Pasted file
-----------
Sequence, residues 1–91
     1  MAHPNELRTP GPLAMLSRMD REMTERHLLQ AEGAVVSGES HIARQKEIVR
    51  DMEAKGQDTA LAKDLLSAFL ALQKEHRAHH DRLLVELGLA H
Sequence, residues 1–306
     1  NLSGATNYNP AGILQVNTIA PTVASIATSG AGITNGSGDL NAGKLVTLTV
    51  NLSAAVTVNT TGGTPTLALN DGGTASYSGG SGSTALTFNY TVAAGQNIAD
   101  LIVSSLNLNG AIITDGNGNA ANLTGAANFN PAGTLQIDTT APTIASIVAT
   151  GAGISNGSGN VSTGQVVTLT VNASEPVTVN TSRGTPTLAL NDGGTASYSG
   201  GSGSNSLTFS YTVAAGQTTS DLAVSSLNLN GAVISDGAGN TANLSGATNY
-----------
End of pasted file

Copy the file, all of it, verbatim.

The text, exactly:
Sequence, residues 1–91
     1  MAHPNELRTP GPLAMLSRMD REMTERHLLQ AEGAVVSGES HIARQKEIVR
    51  DMEAKGQDTA LAKDLLSAFL ALQKEHRAHH DRLLVELGLA H
Sequence, residues 1–306
     1  NLSGATNYNP AGILQVNTIA PTVASIATSG AGITNGSGDL NAGKLVTLTV
    51  NLSAAVTVNT TGGTPTLALN DGGTASYSGG SGSTALTFNY TVAAGQNIAD
   101  LIVSSLNLNG AIITDGNGNA ANLTGAANFN PAGTLQIDTT APTIASIVAT
   151  GAGISNGSGN VSTGQVVTLT VNASEPVTVN TSRGTPTLAL NDGGTASYSG
   201  GSGSNSLTFS YTVAAGQTTS DLAVSSLNLN GAVISDGAGN TANLSGATNY